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Transmetropolitan Vol. 1: Back on the Street Paperback – Mar 17 2009


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Product Details

  • Paperback: 144 pages
  • Publisher: Vertigo (March 17 2009)
  • Language: English
  • ISBN-10: 1401220843
  • ISBN-13: 978-1401220846
  • Product Dimensions: 16.9 x 0.9 x 25.9 cm
  • Shipping Weight: 159 g
  • Average Customer Review: 4.6 out of 5 stars  See all reviews (33 customer reviews)
  • Amazon Bestsellers Rank: #52,635 in Books (See Top 100 in Books)

Product Description

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Warren Ellis (whose recent work includes the excellent The Authority) is a fine comics writer. Spider Jerusalem, his tortured journalist protagonist, is a wonderful creation. Back on the Street is the first in the Transmetropolitan series and essential as an introduction to Spider and his world. Preacher's Garth Ennis introduces the book, rightly praising "the finest, blackest humour, and the purest hate, and a sense of justice hissed through gritted teeth". If the message is sometimes a little heavily, a little clumsily overbearing, this does not detract too much from a great story. Ellis has produced a fine comic series in Transmetropolitan. This is a future classic.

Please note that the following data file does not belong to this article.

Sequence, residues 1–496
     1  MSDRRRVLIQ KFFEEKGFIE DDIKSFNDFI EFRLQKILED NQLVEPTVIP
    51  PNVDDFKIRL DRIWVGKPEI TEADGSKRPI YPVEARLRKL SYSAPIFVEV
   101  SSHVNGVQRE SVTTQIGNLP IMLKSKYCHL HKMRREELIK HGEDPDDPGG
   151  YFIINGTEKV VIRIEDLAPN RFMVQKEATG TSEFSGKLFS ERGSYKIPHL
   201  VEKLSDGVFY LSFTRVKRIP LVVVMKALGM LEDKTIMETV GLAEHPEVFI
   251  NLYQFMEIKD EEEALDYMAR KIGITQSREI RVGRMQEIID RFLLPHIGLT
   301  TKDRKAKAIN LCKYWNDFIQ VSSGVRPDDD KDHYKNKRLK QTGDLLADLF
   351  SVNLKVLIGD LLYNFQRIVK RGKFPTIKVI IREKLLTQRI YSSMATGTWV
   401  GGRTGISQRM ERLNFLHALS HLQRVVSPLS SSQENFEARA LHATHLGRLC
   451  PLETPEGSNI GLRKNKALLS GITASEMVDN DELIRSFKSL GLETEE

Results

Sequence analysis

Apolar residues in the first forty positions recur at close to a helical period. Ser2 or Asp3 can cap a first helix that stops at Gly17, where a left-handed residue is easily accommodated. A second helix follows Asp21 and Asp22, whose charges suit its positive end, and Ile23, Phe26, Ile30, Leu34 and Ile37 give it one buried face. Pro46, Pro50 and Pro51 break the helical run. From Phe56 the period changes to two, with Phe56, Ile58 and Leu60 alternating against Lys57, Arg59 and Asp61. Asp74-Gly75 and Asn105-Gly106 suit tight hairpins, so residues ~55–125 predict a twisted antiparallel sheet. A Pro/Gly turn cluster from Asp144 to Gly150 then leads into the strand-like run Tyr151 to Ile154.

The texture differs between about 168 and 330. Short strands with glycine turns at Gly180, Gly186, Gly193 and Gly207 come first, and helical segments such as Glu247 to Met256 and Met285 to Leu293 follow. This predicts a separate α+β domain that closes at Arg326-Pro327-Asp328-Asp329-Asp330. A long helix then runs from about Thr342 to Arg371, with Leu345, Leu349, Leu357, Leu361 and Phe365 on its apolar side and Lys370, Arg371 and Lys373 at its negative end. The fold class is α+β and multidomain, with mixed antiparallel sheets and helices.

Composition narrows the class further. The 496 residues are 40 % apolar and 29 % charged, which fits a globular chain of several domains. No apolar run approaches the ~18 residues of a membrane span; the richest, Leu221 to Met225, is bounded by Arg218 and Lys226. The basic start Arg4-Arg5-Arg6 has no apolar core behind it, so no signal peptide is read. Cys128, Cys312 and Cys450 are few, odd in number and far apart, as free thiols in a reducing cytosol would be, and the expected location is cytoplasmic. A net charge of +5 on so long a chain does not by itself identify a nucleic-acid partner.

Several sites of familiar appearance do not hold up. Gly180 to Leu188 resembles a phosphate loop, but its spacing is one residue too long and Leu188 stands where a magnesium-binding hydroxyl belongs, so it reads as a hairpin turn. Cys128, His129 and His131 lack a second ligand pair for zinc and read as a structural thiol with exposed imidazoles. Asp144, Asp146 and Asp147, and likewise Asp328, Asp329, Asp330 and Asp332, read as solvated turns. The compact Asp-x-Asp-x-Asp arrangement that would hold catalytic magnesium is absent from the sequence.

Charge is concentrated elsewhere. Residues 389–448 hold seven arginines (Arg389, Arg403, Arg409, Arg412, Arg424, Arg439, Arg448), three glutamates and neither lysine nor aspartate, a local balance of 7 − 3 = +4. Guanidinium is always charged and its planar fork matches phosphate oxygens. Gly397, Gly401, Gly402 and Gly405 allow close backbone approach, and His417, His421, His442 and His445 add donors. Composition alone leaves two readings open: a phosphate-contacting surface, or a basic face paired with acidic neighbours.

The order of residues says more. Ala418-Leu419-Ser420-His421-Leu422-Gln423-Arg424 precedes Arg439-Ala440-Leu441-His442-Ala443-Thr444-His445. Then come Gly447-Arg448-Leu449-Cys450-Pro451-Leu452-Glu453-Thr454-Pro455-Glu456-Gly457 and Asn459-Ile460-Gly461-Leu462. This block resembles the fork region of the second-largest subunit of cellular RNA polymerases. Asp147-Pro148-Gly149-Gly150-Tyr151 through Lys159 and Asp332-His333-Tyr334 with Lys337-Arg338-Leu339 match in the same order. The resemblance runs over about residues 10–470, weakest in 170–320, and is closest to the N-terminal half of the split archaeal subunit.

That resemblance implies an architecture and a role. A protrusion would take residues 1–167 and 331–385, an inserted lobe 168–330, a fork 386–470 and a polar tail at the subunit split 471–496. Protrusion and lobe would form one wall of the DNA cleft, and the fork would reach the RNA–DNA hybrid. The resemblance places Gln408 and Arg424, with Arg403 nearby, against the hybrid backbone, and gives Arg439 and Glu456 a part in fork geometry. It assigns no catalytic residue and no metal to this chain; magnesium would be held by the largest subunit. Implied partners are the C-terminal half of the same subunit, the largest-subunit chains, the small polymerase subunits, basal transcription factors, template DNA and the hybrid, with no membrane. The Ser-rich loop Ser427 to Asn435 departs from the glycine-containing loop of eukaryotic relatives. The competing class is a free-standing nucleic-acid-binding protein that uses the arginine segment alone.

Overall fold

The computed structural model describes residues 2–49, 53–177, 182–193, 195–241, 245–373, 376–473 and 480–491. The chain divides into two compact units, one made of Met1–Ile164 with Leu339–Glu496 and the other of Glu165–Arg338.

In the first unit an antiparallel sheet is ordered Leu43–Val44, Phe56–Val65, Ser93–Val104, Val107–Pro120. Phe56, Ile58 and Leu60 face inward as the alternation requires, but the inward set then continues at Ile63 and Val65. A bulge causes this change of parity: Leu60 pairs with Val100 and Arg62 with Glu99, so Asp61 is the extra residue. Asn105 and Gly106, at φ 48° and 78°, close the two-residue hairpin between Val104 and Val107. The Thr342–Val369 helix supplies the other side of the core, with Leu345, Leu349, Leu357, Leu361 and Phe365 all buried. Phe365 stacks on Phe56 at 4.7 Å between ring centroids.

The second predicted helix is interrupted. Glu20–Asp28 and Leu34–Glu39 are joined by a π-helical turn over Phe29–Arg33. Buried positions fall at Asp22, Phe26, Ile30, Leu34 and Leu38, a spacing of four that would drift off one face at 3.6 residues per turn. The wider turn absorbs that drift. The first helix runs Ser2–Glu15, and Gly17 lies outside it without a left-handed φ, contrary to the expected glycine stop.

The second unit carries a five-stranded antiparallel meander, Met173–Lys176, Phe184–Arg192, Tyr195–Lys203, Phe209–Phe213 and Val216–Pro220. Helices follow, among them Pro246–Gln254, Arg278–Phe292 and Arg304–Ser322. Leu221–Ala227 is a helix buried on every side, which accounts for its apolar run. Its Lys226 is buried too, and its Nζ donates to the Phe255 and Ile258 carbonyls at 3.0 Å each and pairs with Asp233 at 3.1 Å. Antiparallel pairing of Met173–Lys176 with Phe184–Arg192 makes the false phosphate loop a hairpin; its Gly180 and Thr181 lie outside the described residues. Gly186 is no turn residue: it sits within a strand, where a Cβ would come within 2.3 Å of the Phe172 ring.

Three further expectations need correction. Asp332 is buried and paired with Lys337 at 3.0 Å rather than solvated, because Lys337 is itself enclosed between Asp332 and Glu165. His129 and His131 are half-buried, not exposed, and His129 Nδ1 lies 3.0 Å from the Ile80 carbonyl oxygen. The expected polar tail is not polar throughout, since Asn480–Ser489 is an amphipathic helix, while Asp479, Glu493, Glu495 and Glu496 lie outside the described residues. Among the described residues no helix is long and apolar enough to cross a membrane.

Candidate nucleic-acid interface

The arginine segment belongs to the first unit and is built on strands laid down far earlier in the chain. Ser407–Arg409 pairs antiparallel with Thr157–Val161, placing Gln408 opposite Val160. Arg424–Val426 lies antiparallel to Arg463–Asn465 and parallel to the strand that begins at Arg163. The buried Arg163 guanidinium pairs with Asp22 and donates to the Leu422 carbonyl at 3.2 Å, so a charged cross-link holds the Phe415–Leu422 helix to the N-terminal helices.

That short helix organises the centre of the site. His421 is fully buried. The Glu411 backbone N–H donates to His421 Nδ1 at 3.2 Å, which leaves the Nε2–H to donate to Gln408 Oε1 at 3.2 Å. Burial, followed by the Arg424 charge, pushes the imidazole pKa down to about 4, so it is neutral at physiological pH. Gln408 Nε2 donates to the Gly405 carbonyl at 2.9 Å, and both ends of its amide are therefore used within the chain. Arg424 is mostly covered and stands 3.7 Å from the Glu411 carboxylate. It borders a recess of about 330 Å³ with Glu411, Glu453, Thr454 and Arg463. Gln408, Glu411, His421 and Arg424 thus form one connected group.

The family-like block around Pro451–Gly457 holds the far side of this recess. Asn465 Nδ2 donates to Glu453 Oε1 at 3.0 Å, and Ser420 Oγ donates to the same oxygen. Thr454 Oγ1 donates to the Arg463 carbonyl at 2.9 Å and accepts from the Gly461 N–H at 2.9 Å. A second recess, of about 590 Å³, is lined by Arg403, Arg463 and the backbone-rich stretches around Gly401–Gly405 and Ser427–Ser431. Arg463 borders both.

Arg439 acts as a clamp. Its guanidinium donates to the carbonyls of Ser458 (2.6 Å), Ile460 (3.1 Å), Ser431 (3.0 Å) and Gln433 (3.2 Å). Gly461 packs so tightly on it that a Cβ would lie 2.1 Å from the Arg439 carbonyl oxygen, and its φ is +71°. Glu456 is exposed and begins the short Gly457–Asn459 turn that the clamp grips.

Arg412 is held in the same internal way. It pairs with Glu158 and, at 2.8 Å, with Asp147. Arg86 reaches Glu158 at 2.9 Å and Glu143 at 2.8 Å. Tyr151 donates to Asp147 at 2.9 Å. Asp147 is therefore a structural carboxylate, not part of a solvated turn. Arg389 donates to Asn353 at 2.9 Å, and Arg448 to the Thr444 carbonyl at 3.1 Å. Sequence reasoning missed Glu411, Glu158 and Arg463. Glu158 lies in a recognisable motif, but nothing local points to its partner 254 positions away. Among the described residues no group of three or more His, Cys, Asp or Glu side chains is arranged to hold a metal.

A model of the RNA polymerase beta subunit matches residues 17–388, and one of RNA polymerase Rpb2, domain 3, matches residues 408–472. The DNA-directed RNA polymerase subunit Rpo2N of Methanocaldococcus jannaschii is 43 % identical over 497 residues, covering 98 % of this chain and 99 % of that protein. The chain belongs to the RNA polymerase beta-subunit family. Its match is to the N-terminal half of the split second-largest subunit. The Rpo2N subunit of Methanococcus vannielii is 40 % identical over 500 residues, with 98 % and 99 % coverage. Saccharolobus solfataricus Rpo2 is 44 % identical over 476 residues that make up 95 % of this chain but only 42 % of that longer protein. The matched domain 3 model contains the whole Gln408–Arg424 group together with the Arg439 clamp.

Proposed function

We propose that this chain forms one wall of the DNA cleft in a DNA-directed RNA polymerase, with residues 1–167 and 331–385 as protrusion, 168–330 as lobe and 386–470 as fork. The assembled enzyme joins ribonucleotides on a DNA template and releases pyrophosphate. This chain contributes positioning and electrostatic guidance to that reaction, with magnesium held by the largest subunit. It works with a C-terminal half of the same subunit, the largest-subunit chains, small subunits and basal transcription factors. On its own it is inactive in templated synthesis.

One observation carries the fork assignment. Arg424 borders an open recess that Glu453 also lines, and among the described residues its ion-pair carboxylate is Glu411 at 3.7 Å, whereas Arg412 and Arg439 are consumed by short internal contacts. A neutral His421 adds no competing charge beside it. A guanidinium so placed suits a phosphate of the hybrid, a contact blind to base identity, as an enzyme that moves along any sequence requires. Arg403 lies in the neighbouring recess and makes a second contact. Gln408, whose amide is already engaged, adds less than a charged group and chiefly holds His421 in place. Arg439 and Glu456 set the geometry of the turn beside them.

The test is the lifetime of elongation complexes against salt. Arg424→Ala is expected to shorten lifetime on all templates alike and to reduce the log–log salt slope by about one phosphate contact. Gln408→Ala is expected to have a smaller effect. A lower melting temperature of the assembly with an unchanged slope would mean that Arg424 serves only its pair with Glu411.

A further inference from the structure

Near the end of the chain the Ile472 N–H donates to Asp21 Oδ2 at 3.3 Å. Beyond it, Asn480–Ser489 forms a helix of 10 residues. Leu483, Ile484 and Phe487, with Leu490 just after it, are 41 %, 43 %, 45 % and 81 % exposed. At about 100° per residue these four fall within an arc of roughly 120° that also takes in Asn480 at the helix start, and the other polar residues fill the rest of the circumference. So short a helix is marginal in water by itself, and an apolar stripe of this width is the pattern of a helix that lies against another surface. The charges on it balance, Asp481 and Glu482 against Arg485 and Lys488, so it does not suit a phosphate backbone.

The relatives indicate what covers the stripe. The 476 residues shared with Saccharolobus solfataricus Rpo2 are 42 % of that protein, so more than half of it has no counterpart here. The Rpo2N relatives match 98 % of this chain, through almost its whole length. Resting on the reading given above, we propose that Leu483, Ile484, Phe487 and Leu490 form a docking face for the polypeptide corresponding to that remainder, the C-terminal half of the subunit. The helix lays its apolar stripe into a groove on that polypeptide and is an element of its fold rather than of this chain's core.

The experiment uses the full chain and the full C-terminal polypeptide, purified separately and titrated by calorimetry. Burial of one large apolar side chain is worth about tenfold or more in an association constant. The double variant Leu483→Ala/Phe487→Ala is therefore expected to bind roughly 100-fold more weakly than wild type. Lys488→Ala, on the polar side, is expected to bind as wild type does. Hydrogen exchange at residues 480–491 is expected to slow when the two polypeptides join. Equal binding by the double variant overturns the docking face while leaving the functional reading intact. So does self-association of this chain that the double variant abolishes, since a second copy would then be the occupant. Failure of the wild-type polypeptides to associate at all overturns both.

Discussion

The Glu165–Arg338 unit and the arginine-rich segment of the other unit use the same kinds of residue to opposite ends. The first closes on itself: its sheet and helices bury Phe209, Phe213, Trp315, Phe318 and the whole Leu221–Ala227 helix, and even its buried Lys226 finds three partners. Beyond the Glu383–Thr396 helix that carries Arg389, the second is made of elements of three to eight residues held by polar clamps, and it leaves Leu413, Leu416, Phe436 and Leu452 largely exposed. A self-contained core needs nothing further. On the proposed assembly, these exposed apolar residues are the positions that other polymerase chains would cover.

The scenario goes something like this. Spider Jerusalem left the City ages ago and grew an awful lot of hair up on a mountain. The City was just too corrupt, too sinful, too unbearable a place for a journalist with a heightened, if awry, sense of what's right, what's wrong. Then his editor calls. Spider still owes him two books. A contract from way back when. And if he doesn't come up with the goods there will be consequences. Trouble is, Spider can only write when he's in the City, hasn't written a thing since he left. He doesn't want to go back but he has to write, has to go back. So he returns to the trouble and the turmoil, back to the mess that feeds him as a writer and gets himself a story. A punk he used to know, Fred Christ, is causing trouble. Fred is the leader of the Transients (humans knowingly infused with alien genes) and he wants them to have their own land and is ready to lead a rebellion to achieve that end. The authorities, obviously, see things differently. And Spider sees through both group's hypocrisies... --Mark Thwaite --This text refers to an alternate Paperback edition.

Review

Ellis's dystopic narrative, with its full-color tale of a gonzo journalist, shares with mainstream superhero comics a macho ethos that undermines the otherwise cool Watchmen-like script. Spider Jerusalem, a hip reporter of the Hunter Thompson mode, breaks a five-year drug binge on a mountaintop to replenish his resources. The city he returns to resembles the post-apocalyptic Blade Runner and all its funky visual progeny, and Jerusalem soon uncovers a government plot involving a staged rebellion by half-aliens. Two pages at the end (done by a different artist?) suggest how much better this would have looked in a style like Moebius, instead of the conventional DC-house graphics. Still, lots of background gags and some sharp cross-cutting panels make for a compelling read. (Kirkus Reviews) --This text refers to an alternate Paperback edition.